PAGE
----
Dean’s performance on Saturday night was a bit of a departure from this air of reliability he had spent years cultivating. First, during the third round of a welterweight contest between Mike Pyle and TJ Waldburger, Dean hesitated to stop the fight even as Pyle was landing vicious punches and elbows to Waldburger’s head. Although Waldburger wasn’t completely unconscious and did attempt some small measure of escape, it was clear he wasn’t going anywhere except possibly to the hospital. At the end there, I found myself saying “stop the fight” over and over as Dean allowed Waldburger to absorb a handful of probably unnecessary strikes from Pyle. It was the sort of late stoppage you wouldn’t want to show someone who was new to MMA, lest that person should be proven right in their opinion of the sport’s barbarism.

Dean was also the assigned referee for the women’s bantamweight title fight serving as UFC 170’s main event. In that fight, champion Ronda Rousey landed a perfect knee to opponent Sara McMann’s liver, sending McMann directly to the canvas. Instead of allowing the fight to continue as he had with Pyle and Waldburger, Dean raced in to stop the fight almost as soon as McMann went down. Again, it didn’t seem like McMann was completely out of the fight, but it was one of those situations where Rousey could have likely ended it with a few more strikes. These sorts of stoppages are also problematic, not because one athlete is exposed to needless physical damage, but because early stoppages take away from the finality of a fight. When someone is knocked cold or taps out, there is that element of definitive closure. One fighter was demonstrably superior, and proved it by making the other fighter quit, voluntarily or not. Early referee stoppages leave open the possibility that the defeated fighter could maybe have come back somehow and changed the result of the fight.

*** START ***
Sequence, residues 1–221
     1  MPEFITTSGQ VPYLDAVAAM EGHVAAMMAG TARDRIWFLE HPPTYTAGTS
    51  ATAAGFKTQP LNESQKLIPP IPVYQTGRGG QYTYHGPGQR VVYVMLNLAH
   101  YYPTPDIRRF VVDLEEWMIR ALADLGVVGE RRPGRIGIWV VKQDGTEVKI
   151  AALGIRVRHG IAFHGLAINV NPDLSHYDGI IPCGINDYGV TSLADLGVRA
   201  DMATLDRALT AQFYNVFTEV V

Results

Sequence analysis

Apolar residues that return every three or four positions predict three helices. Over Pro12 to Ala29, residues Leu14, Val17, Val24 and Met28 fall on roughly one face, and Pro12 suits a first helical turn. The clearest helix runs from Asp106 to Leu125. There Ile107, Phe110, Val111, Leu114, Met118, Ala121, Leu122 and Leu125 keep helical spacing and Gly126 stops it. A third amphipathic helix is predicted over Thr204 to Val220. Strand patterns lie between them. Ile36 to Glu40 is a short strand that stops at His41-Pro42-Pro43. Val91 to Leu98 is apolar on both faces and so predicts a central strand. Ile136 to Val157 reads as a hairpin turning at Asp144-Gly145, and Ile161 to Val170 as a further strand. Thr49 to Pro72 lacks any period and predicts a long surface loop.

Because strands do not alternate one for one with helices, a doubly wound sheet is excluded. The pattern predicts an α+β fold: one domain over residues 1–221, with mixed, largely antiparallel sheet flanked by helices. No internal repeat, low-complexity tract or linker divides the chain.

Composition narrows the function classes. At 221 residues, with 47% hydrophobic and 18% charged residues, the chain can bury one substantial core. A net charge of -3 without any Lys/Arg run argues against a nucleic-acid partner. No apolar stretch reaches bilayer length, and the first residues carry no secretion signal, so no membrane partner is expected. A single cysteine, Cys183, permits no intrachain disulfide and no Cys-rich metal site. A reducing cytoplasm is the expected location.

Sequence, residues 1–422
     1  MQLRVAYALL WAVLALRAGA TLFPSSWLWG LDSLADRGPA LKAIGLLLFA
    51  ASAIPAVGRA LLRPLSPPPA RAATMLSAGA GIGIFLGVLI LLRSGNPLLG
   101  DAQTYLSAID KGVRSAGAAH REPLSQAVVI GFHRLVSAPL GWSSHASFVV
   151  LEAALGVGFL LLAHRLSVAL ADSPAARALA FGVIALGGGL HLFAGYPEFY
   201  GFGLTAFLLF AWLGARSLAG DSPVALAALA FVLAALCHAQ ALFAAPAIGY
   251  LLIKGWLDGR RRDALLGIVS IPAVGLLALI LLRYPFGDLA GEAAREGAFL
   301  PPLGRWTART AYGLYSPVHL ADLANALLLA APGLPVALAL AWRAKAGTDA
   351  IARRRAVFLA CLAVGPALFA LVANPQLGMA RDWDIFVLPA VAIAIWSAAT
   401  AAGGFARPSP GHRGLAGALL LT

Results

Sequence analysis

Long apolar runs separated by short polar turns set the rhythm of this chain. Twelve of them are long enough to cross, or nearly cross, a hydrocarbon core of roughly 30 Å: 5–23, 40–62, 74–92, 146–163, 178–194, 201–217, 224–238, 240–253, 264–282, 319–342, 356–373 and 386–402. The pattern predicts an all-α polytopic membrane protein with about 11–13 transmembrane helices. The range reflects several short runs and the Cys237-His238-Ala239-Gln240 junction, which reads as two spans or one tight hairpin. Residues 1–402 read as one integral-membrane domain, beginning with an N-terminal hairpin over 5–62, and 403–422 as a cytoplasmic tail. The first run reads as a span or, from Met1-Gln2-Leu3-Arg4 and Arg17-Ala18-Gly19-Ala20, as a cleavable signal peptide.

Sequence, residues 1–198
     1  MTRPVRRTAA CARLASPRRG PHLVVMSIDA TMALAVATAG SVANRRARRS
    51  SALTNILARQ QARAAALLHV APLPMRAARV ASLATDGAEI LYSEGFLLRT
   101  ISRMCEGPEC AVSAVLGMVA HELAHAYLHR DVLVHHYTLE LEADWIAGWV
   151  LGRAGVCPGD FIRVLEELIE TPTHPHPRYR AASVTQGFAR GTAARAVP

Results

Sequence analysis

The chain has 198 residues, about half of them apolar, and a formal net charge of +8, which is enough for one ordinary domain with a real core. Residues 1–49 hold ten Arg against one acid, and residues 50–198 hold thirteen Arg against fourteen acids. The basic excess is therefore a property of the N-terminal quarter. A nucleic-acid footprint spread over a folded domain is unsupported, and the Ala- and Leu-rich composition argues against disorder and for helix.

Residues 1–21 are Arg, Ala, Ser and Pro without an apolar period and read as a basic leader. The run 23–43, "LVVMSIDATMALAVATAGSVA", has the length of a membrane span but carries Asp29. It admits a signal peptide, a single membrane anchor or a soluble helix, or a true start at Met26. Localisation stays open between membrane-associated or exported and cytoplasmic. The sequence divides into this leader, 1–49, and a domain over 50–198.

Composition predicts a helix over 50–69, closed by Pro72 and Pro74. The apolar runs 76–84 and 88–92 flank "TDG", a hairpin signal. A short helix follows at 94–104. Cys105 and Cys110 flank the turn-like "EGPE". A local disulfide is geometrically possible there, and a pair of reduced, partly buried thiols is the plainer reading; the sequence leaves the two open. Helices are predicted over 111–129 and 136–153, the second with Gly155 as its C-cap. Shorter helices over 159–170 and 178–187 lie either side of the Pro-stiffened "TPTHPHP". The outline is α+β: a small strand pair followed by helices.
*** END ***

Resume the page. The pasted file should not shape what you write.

Therein lies the biggest difficulty in MMA officiating: knowing when a defeated fighter has taken just enough punishment to warrant a stoppage and being able to react accordingly. In boxing (probably the closest frame of reference most folks have when it comes to MMA), the signifiers of intelligent defense are fairly black-and-white. Specifically, if a fighter leaves his feet, the fight is either stopped or paused so the referee can administer the standard knockdown count. Occasionally a boxing referee will stop a fight in the absence of a knockdown, generally due to one participant’s demonstrated failure. MMA’s more open striking rules offer no such obvious indicators, beyond a complete knockout, that referees should act.

If a MMA fighter is knocked completely out, referees can react because, well, the fighter is no longer conscious. Even then, though, a fighter in this situation is often exposed to one or two additional hard shots simply due to the time it takes for a referee to physically stop the fight. If a MMA fighter taps out, referees can react because the losing fighter has given up. If neither of these occur, though, the referee must then use his best judgement to determine when a fighter has had enough. While a knockdown in the absence of a knockout would trigger an automatic eight-count in boxing, the same situation in MMA would just result in a change of technique for the fighters, leaving it completely up to the referee to allow the fight to continue.